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Former Atheist Looks at Faith in Religious Type

  • Annabelle Robertson Contributing Writer
  • Published Jun 25, 2008
Former Atheist Looks at Faith in <i>Religious Type</i>

Author:  Dave Schmelzer
Title:  Not the Religious Type:  Confessions of a Turncoat Atheist
Publisher:  SaltRiver (Tyndale)

As the pastor of the Vineyard Christian Fellowship of Greater Boston, Dave Schmelzer is ensconced in a culture of liberal secularism.  He lives in the shadow of academia and has regular encounters with jaded scholars and their protégés who reject the trite morality dispensed by most believers.  But what if their jadedness was actually a good thing?  To illustrate, Schmelzer uses the concepts of “bounded sets” and “centered sets.”

Bounded sets are all the groups that define us—sex, race, nationality, and any other moniker that we embrace, such as membership in a church, club or political party.  Religions are bounded sets.  You’re either in or out—no grey area.  Colored by this thinking, Schmelzer says, most believers are trying to persuade non-believing peers to abandon all of their bounded sets and embrace a new one, no matter how many seismic shifts that might require.  “Yes, there may be a trifling cultural thing or two you’ll need to do to accommodate us, the godly religion/culture,” he jokes.  “Being a good Illinois Baptist is, after all, a little different than being a good Bengali Muslim, who are we kidding?  But we’d love to have you!”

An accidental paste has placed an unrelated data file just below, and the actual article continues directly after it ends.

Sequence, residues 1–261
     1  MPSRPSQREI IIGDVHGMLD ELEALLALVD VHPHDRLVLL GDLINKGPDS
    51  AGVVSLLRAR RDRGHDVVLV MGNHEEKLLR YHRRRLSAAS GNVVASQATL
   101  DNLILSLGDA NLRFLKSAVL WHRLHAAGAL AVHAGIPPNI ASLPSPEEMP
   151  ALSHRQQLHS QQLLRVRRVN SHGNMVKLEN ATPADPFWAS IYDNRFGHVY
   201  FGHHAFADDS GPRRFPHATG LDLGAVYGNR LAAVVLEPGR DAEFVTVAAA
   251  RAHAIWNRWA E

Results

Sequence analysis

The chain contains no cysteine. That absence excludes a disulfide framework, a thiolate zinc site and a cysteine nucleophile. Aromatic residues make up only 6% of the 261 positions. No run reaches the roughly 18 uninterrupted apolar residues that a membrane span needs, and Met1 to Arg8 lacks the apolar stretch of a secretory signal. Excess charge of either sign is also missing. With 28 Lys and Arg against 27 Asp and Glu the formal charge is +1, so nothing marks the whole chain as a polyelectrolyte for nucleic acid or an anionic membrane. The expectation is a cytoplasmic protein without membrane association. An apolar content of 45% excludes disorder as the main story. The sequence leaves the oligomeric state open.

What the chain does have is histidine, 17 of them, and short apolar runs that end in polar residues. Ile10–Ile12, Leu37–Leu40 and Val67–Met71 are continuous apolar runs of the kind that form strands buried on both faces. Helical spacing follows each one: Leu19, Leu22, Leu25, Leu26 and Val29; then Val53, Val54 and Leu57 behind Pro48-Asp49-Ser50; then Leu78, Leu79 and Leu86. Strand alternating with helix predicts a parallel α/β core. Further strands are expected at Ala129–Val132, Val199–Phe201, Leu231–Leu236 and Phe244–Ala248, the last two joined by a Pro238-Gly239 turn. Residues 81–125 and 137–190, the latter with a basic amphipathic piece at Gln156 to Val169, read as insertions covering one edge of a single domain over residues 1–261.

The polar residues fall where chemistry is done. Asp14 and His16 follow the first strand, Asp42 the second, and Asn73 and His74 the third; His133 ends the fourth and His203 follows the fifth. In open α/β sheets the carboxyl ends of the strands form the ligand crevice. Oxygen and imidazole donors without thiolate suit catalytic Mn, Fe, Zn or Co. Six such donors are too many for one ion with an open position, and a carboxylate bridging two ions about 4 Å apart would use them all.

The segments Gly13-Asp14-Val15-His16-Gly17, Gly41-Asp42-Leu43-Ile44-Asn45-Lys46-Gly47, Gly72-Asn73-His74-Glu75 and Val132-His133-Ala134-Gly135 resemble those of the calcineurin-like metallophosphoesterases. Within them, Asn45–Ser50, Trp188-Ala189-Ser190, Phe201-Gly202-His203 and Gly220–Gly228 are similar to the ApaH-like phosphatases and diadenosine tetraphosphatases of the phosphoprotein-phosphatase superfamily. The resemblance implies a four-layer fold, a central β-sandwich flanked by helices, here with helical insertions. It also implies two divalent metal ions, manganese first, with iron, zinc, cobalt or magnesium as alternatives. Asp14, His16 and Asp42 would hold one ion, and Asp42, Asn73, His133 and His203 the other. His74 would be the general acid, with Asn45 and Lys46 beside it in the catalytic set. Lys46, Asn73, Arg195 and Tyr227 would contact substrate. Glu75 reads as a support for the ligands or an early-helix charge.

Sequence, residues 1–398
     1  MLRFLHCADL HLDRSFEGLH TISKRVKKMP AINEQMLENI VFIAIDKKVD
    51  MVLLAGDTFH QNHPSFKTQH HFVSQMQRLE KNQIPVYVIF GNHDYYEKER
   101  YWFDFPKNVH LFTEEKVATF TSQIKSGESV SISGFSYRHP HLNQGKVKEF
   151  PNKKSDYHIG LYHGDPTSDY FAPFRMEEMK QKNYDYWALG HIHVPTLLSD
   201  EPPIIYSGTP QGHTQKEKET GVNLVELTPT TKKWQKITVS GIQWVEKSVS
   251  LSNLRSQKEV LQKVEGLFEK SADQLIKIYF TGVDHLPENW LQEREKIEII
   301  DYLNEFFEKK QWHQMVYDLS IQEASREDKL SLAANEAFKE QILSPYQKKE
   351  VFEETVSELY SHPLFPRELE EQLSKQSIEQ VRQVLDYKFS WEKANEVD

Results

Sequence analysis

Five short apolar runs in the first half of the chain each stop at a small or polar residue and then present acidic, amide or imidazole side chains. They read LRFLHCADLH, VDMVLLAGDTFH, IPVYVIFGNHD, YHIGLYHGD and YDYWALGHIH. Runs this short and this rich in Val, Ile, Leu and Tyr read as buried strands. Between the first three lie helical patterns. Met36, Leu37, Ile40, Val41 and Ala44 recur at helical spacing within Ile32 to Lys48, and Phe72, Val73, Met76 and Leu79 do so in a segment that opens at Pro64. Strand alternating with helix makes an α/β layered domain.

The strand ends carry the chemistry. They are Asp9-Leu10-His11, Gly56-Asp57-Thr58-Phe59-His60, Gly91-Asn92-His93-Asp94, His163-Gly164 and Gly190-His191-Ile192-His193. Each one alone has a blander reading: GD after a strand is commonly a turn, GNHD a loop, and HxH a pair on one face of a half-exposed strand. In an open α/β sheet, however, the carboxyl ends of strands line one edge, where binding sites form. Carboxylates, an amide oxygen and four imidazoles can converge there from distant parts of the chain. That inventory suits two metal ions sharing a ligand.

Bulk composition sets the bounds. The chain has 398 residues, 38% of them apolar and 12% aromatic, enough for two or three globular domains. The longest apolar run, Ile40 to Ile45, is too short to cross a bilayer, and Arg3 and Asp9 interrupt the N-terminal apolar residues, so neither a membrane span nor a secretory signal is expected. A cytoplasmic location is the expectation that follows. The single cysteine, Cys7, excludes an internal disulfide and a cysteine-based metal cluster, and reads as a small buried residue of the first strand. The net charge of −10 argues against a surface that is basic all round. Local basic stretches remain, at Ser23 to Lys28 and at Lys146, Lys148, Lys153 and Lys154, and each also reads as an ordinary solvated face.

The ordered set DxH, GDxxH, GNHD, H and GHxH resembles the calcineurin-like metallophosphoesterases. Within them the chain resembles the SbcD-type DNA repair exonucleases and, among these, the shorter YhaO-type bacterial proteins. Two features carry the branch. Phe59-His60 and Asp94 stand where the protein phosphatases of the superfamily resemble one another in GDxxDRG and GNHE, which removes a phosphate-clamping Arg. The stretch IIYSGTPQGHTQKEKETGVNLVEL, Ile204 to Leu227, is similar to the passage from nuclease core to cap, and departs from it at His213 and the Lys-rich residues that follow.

How many conservatives are ever persuaded by liberal rhetoric, however?  How many liberals are persuaded by conservative talk radio?  Bounded sets merely preach to the choir.  Centered sets, on the other hand, are far more accessible.  In this view, everyone is positioned within a circle, with a dot (Jesus, in this example) in the middle of that circle.  Some may be closer, some may be further away, but everyone has the choice to move either to or away from that middle dot.  

“Along with the writers of the New Testament, I do my best to keep my eye on the center dot, move toward him, and encourage as many folks as I can to recalibrate (one take on the literal meaning of repent), their journeys his way as well,” Schmelzer says.

This is just the beginning of his teaching, which is full of insights and illustrations about life, faith, prayer and how it all plays out on the world’s stage as well as in our personal lives.  For example, as to why some prayers seem to go unanswered, Schmelzer reminds us that prayers are like bowls of incense.  If each prayer has its own bowl, and each bowl is a different size, we must simply keep praying until that bowl is filled and the prayers are answered.

He also compares the “already—not yet” aspect of God’s kingdom to a thin membrane of water sitting just above our heads.  Above the water is heaven, but occasionally, we get splashed with a drop of that heavenly water, resulting in a miraculous healing, as a tangible demonstration of all that awaits.

“I’ve become less interested in ‘objective truth,’” writes this former atheist, “if only because it seems to me that the only person who could claim such a thing is God.  In the last few centuries, we’ve done our best to make reason a so-so stand-in for God.  But as helpful as it is, reason has proven to get us only so far because we start from a limited vantage point.

Not the Religious Type isn’t a memoir or a self-help book, nor is it the teaching tool we see displayed on Christian bookshelves every season.  It’s just some thoughts, however random, from a guy who has realized that what we’ve been doing isn’t working.  Thankfully, he’s stumbled on something that is, however imperfectly, however haphazardly.  And that is definitely something worth reading about.